Soviet Joke about Caviar

“A person who left Russia during Revolution came to visit. He comes to the store in Moscow and says, ‘Can I please buy a hundred grams of caviar?’ Well, there was no caviar in Soviet stores, it disappeared when I was a child, somewhere in the 1960s. I still remember when I was very little and my mom would take us to buy a little bit of caviar, and there would be black caviar and red caviar, and even though red caviar is considered to be the most expensive one, I liked the black caviar. And then, it disappeared because Russians suddenly realized—the Soviet authorities—that they can sell it for dollars, for foreign currency. So all of it went abroad and it disappeared in the Soviet Union. So that’s what you have to know before you can understand this joke. So the person comes and he goes into the shop and he says, ‘Can I buy a hundred grams of caviar?’ And the saleslady says, ‘Could you step aside, sir? Just stand here.’ There’s a big line of people, and one person comes and buys bread, and another person comes and buys milk, and a third person comes and buys something else, butter or bread. So, after the man stays there for fifteen minutes, she says, ‘Do you see anyone asking for caviar?’ He said ‘No.’ She says, ‘You see? We don’t carry it anymore because there is no demand for caviar.’

Link to Russian transcription of joke: 

Q. What message is this joke trying to convey?

A. This is a joke about the shortage of food in the Soviet Union. It’s also about how the Soviet authorities would cover up the truth. Why we don’t have caviar? Not because there is no caviar in Russia, but because there is no demand. We always have some sort of an explanation. For example, at some point, in Lithuania, where I grew up, the Soviet Union started to take meat and send it to other parts of the Soviet Union, and also to Vietnam. And to cover up the shortage, they said that there is no demand for meat all the way through the week, and there should be a couple of days per week when the meat stores should be closed. (There were separate meat stores.) So, suddenly the meat stores are closed on a number of days. Why? Well, the truth is that there is not enough meat. What is the Soviet explanation? That people come from White Russia, from Belarus, which is a neighboring Soviet republic which really doesn’t have meat at all, come to Vilnius [the capital of Lithuania] and they buy all the meat. So, we don’t want to have meat stores open on the days that they come, like weekends.

Background on Soviet Jokes:

Q. Are these jokes that people would tell all the time?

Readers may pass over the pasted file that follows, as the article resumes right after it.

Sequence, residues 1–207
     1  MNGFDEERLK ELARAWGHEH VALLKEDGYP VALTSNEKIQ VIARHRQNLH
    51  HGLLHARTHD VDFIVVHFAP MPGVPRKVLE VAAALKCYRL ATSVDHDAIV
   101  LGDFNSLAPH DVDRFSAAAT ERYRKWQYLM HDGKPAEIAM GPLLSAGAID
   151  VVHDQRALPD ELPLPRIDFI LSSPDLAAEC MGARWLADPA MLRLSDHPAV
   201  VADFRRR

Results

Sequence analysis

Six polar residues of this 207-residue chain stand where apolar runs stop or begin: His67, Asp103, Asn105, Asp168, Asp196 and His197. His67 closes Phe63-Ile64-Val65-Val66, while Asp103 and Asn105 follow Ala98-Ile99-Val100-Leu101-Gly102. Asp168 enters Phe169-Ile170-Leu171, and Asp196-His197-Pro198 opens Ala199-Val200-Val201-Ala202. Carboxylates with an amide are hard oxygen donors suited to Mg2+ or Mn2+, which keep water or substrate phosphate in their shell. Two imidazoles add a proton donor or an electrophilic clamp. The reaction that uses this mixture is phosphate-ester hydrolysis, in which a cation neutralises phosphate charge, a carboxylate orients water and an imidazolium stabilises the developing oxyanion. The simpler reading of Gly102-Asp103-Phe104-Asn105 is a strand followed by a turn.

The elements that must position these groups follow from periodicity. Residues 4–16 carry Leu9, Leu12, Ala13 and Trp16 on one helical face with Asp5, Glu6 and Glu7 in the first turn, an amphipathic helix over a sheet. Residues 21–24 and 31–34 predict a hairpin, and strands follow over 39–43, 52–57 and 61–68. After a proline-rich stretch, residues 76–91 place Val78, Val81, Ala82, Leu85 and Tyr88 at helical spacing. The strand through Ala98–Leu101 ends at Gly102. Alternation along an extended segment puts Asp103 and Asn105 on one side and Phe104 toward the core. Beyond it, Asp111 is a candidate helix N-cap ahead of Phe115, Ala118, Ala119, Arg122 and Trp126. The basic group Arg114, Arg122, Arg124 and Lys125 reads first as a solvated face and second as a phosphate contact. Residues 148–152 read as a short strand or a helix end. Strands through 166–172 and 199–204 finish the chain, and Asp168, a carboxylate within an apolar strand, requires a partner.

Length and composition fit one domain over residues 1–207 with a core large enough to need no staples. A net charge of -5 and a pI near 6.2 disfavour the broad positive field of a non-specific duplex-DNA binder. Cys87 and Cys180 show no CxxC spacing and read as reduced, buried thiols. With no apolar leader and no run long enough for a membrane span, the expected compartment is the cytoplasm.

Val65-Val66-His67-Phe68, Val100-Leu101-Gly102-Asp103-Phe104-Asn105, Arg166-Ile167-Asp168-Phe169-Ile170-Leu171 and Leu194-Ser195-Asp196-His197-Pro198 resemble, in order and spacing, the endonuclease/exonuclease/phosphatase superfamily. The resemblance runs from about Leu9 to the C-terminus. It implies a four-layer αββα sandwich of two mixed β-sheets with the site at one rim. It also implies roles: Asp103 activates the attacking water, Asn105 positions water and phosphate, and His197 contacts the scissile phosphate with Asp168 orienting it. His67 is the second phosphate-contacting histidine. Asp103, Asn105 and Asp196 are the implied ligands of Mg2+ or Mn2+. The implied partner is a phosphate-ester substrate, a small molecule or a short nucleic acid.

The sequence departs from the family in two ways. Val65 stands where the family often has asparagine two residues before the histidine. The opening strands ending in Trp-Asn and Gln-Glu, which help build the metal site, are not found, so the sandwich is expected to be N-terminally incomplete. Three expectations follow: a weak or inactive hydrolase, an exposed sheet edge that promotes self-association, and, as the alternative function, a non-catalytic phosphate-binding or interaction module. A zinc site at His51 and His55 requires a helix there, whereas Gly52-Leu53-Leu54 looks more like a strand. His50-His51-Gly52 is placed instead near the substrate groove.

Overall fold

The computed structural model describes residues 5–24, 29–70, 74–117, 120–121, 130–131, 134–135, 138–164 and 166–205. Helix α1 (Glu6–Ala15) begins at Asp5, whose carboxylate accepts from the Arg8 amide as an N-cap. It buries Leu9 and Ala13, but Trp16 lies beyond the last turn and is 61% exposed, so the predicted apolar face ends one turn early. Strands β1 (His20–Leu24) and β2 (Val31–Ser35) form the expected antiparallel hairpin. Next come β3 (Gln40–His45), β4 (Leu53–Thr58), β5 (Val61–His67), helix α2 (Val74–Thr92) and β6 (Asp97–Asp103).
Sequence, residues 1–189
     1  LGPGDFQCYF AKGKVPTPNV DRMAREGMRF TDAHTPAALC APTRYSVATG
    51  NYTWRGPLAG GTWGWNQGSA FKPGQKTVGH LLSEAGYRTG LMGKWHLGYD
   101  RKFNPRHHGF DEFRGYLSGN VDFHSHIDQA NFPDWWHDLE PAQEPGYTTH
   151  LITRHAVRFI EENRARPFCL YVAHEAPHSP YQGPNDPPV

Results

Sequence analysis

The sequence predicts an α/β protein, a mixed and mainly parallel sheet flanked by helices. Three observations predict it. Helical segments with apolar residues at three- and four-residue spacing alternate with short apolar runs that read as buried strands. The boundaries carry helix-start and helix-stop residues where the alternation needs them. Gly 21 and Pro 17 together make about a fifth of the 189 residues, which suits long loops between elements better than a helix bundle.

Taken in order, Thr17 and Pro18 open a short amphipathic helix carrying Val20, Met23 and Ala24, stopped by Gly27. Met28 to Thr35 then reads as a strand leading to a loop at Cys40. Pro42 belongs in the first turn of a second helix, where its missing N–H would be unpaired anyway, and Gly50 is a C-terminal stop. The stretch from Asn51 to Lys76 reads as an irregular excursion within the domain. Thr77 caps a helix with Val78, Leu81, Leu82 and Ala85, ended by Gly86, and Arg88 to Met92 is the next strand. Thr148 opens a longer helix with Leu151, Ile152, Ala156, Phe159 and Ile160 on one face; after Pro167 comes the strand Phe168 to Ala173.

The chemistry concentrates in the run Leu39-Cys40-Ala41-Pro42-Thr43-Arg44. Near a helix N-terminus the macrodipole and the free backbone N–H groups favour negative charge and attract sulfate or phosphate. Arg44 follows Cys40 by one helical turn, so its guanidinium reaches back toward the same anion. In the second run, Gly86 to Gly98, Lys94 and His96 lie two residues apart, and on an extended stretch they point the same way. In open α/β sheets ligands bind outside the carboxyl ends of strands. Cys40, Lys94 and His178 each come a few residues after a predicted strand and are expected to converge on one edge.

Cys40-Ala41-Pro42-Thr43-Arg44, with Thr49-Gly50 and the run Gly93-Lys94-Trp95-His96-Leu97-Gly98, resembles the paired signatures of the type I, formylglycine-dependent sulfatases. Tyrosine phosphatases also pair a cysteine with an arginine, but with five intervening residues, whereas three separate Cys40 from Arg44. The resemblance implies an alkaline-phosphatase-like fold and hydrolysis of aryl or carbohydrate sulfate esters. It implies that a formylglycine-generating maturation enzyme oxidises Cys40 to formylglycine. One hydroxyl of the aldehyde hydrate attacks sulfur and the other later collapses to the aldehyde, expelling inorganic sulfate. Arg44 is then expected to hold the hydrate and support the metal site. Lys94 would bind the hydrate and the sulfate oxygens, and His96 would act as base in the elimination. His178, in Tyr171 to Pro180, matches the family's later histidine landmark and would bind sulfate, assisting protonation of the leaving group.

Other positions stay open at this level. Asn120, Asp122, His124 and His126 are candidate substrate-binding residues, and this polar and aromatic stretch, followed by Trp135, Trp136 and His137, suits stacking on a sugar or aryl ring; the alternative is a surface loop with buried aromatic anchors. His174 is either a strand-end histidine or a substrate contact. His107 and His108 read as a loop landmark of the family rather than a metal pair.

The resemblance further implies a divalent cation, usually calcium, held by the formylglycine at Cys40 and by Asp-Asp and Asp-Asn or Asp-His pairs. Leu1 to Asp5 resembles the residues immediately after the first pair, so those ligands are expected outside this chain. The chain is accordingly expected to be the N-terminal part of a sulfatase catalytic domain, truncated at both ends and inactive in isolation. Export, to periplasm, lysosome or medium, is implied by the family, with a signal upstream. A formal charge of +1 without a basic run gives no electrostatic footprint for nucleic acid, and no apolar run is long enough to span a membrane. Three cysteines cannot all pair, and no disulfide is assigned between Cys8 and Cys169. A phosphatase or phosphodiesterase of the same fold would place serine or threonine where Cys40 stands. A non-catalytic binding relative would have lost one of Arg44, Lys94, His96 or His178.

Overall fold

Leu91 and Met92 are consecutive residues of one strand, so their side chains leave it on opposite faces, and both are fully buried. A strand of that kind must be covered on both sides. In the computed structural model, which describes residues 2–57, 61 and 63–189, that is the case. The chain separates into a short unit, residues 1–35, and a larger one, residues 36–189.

A. Well, I remember them now, and I’ve been out of the Soviet Union for over thirty years. I knew them all my life. People would just sit down and they tell jokes, and if you have a new joke, that’s great. People learn those jokes, and they retell those jokes—it’s an underground joke industry. I don’t know how Soviet jokes originated, but all these jokes are something I grew up with, and thirty years later, I still remember them.

Analysis of Soviet Jokes: The Soviet regime was very oppressive. People constantly heard rhetoric about the greatness of the Soviet Union, and that it is a worker’s paradise, but in reality, the situation just grew worse and worse, and life only became bleaker. Thus, these jokes expose the population’s horrible disappointment in the regime. When I asked my informant whether people were idealistic about Communism in its early days, she told me that her grandparents were extremely idealistic about socialism, and believed that the Soviet Union would eventually become a great country with a high standard of living. When part of her family emigrated from Russia to Palestine in 1919, they invited her grandparents—and their children, of course—to come with them. But her grandparents declined, believing that socialist Russia would be a wonderful country. My informant’s parents grew up within this idealistic climate; in the 1930s, even though Russians experienced a horrible food shortage, people believed that since they inherited a terrible economy from the tsar, World War I, and the Revolution, the situation would eventually improve.

In contrast, by the time that my informant grew up, in the 1970s, the Soviet Union was corrupt through-and-through, and no one believed that there would be any improvement. In these jokes, then, we see people’s horrible disappointment, their cynicism, and their lack of hope for the future. The jokes never call you to resist the regime because resistance is futile and people feel powerless to change the system; rather, these jokes simply give people the satisfaction of laughing at the regime, an outlet for their disillusionment.